A US court has ruled that Castle Harlan must provide documents pertaining to the firm’s “quick flip” sale of Canadian mining company Norcast Wear Solutions to former portfolio company Bradken in July.
“We’re going to be able to get from Castle Harlan all the documents and information they have that will help us understand what actually happened so that we can make a determination as to what claims should be brought and against whom and where,” partner at law firm Chadbourne & Parke Scott Balber told Private Equity International, explaining the court decision.
Chadbourne is representing Pala Investments, which sold mining company Norcast Wear Solutions to Castle Harlan for $190 million on 6 July. Pala asserts that Castle’s sale of Norcast the next day for $218 million to Australian industrial company Bradken “suggests an improper relationship between Castle Harlan and Bradken under Australian law”, according to court documents.
After learning of the quick flip by Castle Harlan, Pala hired Chadbourne & Parke and sought and obtained subpoenas which were served on Castle Harlan. The firm objected to the subpoenas in July, saying “we are highly confident of our legal position and would vigorously defend any action taken against us,” in a statement, but a New York court ruled last week that Castle would have to provide documents related to the transaction.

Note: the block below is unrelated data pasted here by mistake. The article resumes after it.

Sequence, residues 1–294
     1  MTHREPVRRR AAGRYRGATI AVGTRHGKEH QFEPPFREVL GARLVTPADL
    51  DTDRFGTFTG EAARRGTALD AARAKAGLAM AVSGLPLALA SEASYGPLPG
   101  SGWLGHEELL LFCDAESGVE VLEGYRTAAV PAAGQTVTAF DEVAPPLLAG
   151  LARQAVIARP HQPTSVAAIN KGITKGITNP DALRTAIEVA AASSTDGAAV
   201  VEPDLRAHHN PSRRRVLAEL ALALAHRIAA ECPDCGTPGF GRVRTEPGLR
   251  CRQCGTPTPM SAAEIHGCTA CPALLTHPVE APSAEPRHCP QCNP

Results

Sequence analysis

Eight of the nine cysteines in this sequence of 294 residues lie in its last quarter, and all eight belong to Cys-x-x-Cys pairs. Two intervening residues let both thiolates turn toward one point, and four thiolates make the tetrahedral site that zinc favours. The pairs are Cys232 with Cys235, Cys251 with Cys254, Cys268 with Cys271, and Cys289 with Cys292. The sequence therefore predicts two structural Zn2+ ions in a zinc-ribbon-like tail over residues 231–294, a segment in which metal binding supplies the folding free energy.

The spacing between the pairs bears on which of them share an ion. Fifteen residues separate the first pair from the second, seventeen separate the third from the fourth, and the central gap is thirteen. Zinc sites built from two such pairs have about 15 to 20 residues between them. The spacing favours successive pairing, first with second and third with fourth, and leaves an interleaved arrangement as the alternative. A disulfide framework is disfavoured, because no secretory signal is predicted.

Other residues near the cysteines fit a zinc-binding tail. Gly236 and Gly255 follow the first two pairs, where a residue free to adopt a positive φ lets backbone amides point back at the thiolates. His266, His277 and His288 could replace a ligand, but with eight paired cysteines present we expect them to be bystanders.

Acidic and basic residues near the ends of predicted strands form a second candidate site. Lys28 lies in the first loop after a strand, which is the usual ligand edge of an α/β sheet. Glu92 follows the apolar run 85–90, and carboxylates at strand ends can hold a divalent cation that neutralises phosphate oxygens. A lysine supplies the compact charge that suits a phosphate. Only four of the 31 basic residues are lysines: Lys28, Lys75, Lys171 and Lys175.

The circumstances surrounding Castle Harlan’s quick flip are rare in the private equity industry.
“It’s a very interesting case,” said David Wilf, a partner at law firm Gibson, Dunn & Crutcher, which is not involved in the pre-litigation procedures. “I have not seen a quick flip case like this, but I could certainly understand why a seller would be unhappy about this,” Wilf said. “On its face, it’s difficult to understand how the buyer could have resold it so fast without having shared confidential information.”
Castle Harlan declined to comment.
“I think what we’ll find is that Bradken was involved in the process behind the scenes with Castle Harlan from the very beginning, that Bradken was fully aware that this asset was being sold, fully understood that Bradken would have to pay a higher price as a strategic investor than Castle Harlan would have to pay as a financial investor and that Bradken used Castle Harlan as a shill to be able to obtain the asset for a reduced price,” Balber said.
No formal litigation has begun, but Pala and Norcast are understood to be pursuing a possible lawsuit as early as mid-December, the source said.
In August 2010, the Castle Harlan president Justin Wender resigned abruptly for undisclosed reasons. Castle Harlan appointed senior managing directors Howard Morgan and Bill Pruellage as co-presidents to take his place.
The firm has partnered with Bradken on several transactions in the past. In 2008, Castle Harlan sold AmeriCast Technologies to Bradken for $288 million, more than double its purchase price, after 21 months of ownership.